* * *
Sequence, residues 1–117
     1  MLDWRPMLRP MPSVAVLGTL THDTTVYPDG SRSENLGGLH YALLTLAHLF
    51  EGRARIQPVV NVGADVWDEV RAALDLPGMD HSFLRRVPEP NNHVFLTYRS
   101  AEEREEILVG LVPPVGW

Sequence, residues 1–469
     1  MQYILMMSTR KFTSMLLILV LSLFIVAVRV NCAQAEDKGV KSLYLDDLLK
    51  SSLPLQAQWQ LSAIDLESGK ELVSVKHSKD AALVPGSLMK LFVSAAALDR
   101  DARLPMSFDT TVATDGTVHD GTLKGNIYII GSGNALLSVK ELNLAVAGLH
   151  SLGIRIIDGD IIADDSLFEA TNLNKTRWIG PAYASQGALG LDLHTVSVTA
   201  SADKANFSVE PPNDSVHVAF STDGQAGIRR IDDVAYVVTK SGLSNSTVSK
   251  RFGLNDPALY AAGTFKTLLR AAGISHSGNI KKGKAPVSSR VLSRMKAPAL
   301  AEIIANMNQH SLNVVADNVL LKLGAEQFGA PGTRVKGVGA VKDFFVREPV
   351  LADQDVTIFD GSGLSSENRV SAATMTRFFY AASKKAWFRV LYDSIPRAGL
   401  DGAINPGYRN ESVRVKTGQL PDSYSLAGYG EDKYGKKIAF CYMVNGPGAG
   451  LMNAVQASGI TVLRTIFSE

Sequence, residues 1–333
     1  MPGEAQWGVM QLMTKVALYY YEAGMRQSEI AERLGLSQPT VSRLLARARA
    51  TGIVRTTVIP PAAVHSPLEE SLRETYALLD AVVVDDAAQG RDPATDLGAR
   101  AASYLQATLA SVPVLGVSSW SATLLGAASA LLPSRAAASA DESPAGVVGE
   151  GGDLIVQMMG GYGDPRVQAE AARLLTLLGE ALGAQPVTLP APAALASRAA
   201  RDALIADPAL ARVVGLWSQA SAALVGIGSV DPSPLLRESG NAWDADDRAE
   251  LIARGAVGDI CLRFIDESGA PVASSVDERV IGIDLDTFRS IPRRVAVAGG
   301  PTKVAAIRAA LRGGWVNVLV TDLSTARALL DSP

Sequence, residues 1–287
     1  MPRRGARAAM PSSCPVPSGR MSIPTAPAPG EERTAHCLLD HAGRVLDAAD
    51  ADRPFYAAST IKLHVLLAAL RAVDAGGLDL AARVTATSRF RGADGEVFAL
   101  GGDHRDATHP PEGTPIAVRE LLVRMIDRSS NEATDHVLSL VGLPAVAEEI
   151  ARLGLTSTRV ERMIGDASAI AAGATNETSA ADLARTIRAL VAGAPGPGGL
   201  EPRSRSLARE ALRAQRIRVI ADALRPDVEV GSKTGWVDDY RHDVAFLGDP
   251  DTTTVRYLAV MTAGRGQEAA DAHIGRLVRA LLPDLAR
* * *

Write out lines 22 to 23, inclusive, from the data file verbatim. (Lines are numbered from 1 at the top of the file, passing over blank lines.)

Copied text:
   251  LIARGAVGDI CLRFIDESGA PVASSVDERV IGIDLDTFRS IPRRVAVAGG
   301  PTKVAAIRAA LRGGWVNVLV TDLSTARALL DSP